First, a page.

Andrew Bibby



Andrew Bibby is a professional writer and journalist, working as an independent consultant for a number of international and national organisations, and as a regular contributor to British national newspapers and magazines. He is also the author of a number of books.

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Renewable Energy Investment Club launches

This article by Andrew Bibby, in a slightly different form, was first published in the Observer, 2002

Campaigners for sustainable energy have come up with a new way to encourage investment by individuals in community-based projects. The Renewable Energy Investment Club aims to act as a channel between would-be investors and organisations which are looking for new share capital, typically for wind turbine or small-scale hydroelectric developments.

Unlike many ‘alternative’ share issues where the prospect of dividend payments may be small or non-existent, renewable energy projects can in principle give shareholders both a warm glow and a return on their money. For example Cumbrian-based Baywind Energy Co-operative, which raised almost £2m in two share issues in 1996-7 and 1998-9, paid its 1300 investors a return of 5.6% gross last year, generated by the six wind turbines the company now owns.

Share issues like Baywind’s, however, are bound by European and British law on public share offerings and this, according to Vicky Leaney, can mean very large legal costs — perhaps as much as £100,000 for a £1m share issue. Vicky Leaney, a non-executive Baywind director who works for renewable energy consultants Dulas Ltd, was instrumental in devising the Renewable Energy Investment Club (REIC) as a route out of this difficulty. Members of the Club — who may be individuals, businesses or groups — identify themselves by the act of joining as being potentially interested in making investments. REIC then circulates them in due course with details of possible new share offers. Members decide for themselves whether or not to part with their money.

The club structure means that some of the requirements for public share offers can be sidestepped. "It’s to enable very small groups to raise money without huge legal and financial costs. Groups have to produce a business plan, but don’t have to provide a share offer document," Vicky Leaney says.

REIC, although formally launched in the summer [2002], is still in an early stage of its development and the value of its concept has yet to be tested in practice. Nevertheless, a dry-run last year [2001] enabled a mid-Wales group Bro-Dyfi Community Renewables to raise £54,000 in share capital towards the cost of a wind turbine near Machynlleth. A proposed community-run hydro project in the Usk valley south of Brecon is a possible new candidate for REIC endorsement although Debra Smith, one of REIC’s directors, says that no decision has yet been taken.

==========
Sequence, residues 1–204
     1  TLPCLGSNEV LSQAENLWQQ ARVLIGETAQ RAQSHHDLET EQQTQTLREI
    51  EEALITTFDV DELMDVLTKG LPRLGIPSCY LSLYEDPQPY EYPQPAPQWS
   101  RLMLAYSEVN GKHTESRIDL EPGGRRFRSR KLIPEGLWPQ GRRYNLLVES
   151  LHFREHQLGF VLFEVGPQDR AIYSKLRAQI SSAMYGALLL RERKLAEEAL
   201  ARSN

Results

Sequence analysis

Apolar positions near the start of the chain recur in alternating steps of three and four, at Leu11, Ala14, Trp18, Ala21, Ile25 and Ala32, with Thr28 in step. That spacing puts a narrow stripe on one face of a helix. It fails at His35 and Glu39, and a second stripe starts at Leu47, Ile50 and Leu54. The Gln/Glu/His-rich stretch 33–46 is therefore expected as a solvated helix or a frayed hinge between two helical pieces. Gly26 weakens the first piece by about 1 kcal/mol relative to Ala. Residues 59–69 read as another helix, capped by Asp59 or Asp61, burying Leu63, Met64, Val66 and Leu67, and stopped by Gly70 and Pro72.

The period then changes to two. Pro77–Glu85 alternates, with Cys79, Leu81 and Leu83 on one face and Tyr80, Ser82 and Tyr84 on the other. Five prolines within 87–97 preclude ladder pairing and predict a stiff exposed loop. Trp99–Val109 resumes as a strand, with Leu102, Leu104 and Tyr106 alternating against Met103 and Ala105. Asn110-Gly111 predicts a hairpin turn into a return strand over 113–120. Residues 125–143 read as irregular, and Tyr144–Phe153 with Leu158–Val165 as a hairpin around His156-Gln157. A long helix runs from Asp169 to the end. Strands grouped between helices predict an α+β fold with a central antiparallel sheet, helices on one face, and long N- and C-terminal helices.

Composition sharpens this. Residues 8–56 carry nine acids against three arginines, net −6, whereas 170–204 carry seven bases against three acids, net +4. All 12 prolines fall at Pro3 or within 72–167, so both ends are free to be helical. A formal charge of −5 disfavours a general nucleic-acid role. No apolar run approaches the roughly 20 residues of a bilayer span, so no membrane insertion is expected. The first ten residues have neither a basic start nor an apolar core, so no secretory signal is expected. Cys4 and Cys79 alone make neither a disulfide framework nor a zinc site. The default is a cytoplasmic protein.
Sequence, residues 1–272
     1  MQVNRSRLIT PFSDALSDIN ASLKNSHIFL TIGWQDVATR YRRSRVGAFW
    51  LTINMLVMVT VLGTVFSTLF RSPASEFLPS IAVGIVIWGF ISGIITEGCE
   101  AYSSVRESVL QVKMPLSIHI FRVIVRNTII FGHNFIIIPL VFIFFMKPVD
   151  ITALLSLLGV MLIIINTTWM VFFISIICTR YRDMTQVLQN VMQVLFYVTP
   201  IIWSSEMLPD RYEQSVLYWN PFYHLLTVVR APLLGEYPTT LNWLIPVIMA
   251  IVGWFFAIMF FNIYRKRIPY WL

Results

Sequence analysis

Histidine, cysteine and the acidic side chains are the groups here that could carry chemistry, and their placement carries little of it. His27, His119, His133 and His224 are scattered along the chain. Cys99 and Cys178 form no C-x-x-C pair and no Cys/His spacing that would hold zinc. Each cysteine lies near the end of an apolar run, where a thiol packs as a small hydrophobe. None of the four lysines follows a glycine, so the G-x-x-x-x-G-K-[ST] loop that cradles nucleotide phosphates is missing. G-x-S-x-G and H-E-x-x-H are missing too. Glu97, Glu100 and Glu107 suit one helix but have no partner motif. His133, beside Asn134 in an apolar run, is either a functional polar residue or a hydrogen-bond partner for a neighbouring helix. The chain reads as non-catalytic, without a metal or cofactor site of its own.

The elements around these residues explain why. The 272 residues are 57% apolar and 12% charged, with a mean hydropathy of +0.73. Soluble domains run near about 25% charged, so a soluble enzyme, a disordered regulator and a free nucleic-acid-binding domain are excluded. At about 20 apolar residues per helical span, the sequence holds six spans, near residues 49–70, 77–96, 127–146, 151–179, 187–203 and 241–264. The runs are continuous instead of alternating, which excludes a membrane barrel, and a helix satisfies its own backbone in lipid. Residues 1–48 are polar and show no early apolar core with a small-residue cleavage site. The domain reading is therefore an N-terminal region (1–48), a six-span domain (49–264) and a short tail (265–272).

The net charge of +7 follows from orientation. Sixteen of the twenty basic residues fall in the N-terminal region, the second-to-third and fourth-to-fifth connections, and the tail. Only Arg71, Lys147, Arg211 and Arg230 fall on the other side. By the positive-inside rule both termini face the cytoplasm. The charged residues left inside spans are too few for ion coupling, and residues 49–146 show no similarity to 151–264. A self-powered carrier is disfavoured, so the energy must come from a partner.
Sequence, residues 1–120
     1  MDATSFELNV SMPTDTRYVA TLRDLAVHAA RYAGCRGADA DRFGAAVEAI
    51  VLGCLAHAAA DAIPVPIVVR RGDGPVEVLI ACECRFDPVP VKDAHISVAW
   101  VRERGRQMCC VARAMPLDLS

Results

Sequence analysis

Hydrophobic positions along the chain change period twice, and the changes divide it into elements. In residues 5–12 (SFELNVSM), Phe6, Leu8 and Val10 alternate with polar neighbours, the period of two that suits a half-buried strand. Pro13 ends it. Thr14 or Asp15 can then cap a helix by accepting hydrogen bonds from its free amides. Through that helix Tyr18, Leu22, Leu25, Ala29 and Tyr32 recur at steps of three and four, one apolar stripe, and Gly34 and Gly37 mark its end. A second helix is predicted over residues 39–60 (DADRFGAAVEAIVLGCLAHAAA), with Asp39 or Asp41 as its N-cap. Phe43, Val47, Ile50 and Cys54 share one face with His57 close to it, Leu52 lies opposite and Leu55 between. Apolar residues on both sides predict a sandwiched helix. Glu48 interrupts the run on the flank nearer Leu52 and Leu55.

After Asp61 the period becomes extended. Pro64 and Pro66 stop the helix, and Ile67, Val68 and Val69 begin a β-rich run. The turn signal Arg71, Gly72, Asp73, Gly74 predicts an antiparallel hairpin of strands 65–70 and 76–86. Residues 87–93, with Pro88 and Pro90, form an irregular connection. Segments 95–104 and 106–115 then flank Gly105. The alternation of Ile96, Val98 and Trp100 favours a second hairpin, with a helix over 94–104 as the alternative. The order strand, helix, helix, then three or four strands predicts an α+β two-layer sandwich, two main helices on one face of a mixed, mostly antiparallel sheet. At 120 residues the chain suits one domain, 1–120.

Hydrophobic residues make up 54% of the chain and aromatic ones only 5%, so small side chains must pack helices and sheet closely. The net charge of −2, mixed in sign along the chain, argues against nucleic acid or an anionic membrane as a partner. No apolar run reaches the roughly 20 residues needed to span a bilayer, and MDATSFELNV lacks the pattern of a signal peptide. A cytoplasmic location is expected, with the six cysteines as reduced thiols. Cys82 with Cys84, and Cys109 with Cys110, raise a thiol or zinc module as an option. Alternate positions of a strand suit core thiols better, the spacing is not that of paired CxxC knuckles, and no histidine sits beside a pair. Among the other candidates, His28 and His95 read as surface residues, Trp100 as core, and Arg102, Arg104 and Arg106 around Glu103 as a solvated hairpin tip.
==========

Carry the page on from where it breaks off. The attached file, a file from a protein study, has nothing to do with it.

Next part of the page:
Anybody interested in the potential commercial viability of renewable energy projects should be aware of the current electricity regulatory framework, and in particular the Renewables Obligation which was introduced by the government last April [2002]. This sets electricity suppliers the task this year [2002] of sourcing at least 3% of their power from renewable sources, with the percentage rising to 10.4% by 2010. As part of this regime, Renewables Obligation Certificates are issued for each megawatt hour of electricity produced from renewable sources, and these Certificates can in turn be sold on (at a price determined by open market trading) to other suppliers needing to reach their targets. (Another alternative for electricity supply companies in this position is to ‘buy out’ their requirement to renewable energy by means of an extra payment to power regulator Ofgem; Ofgem gives this money back to suppliers who have been successful in meeting their targets.)

This government intervention means that the economics of energy generation are now tilted slightly in favour of renewable energy projects. Nevertheless, individuals considering investing need to look at each case carefully. "It’s very much caveat emptor: buyer beware," says Malcolm Lynch of Leeds solicitors Wrigley’s, who has advised REIC on its legal structure. He adds that the Investment Club idea could also be adapted for other ethical investment opportunities, including for social enterprises seeking finance capital. "Essentially, the idea is like a community version of a business angel network," he says.

More information about REIC, and a membership form, can be found at its website.

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